June 9th 2016

The officers and crew of MAERSK KENTUCKY rescued 11 dehydrated and hungry men from a disabled fishing boat on May 29. The containership diverted from a run to Singapore after receiving a VHF radio distress call from the fishing boat AL YASMEEN, approximately 6 nm away. The fishermen said their boat was taking on water and sinking.

“The vessel was quickly sighted and did appear to be down by the stern,” reported Master John J. O’Boyle. As the KENTUCKY maneuvered closer to observe the extent of the emergency, a dinghy was launched from the distressed boat and the five men inside being paddling toward the containership.

By this time KENTUCKY was stopped and maintaining a position upwind of the fishing vessel.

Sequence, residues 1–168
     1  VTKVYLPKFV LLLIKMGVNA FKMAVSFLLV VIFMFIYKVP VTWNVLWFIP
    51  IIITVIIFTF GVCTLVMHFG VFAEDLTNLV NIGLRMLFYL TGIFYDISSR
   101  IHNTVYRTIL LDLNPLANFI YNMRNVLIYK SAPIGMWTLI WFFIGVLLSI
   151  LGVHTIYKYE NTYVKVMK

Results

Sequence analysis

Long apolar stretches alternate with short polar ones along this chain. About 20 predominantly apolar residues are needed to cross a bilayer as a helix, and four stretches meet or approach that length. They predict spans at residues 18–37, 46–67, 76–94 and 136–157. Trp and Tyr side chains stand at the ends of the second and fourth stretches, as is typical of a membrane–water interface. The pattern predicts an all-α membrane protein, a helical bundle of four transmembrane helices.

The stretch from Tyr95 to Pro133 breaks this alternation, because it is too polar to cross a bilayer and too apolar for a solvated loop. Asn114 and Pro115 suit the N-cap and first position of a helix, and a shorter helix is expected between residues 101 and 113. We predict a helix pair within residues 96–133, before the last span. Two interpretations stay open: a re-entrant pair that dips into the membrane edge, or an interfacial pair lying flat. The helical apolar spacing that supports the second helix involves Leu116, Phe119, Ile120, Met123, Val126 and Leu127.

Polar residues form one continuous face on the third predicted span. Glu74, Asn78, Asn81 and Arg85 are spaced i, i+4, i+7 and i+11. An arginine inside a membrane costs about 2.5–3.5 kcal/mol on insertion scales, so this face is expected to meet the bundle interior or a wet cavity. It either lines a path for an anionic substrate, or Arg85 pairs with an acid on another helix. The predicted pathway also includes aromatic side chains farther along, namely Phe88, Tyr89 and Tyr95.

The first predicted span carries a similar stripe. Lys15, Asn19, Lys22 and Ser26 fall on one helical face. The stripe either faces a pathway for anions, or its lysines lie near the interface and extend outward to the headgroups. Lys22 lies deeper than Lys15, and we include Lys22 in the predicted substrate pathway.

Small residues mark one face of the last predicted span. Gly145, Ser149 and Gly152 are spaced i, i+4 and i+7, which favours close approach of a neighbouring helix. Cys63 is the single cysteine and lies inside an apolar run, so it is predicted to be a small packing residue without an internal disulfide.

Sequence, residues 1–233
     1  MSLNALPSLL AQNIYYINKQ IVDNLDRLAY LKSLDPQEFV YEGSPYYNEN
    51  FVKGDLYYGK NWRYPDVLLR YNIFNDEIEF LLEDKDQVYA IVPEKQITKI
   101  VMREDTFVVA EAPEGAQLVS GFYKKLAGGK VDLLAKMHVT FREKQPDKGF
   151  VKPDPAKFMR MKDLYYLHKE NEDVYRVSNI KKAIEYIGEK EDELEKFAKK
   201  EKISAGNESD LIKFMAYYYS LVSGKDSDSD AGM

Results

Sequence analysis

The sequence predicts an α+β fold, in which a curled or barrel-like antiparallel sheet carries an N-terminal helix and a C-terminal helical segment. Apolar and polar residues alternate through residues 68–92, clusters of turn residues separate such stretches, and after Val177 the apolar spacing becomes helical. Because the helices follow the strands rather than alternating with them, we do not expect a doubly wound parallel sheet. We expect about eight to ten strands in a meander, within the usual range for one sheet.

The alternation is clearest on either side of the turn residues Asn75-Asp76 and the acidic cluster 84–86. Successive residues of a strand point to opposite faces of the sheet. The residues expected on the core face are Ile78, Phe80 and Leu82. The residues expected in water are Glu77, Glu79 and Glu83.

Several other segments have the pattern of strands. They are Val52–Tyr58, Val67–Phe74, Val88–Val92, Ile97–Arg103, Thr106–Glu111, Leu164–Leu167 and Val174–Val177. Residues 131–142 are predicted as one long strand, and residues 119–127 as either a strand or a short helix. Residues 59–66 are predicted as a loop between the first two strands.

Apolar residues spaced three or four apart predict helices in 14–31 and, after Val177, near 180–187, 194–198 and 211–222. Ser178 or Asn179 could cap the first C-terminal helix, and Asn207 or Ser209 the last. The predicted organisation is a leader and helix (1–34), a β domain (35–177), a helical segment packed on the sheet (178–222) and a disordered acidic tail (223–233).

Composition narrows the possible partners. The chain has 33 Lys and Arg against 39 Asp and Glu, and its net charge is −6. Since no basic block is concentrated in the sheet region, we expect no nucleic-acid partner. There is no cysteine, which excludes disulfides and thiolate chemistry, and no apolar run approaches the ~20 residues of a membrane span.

When it was determined that the fishermen were not armed or threatening, they were allowed to board via the pilot ladder. Three more fishermen then jumped into the water and began swimming toward KENTUCKY. They also boarded via the pilot ladder.

As KENTUCKY continued to drift down on the stricken vessel, it became apparent that AL YASMEEN was indeed taking on water. The remaining three fishermen boarded via the pilot ladder as the vessel lay alongside.

“Once the crew was aboard, they were immediately searched and contained,” the master reported. They were found to be in relatively good health but were very dehydrated and hungry. They said they had been adrift for ten days after losing power, had run out of food six days before and had been without water for four days.

Aboard KENTUCKY, they enjoyed showers, food and gallons and gallons of water before disembarking in Colombo, Sri Lanka.

Also aboard KENTUCKY and assisting in the rescue were Chief Mate Brandt R. Hager, Second Mate Dylan E. Carrara and Third Mate James Grigg Wilson. The engineers aboard KENTUCKY are represented by the Marine Engineers’ Beneficial Association. The unlicensed crewmembers are represented by the Seafarers’ International Union.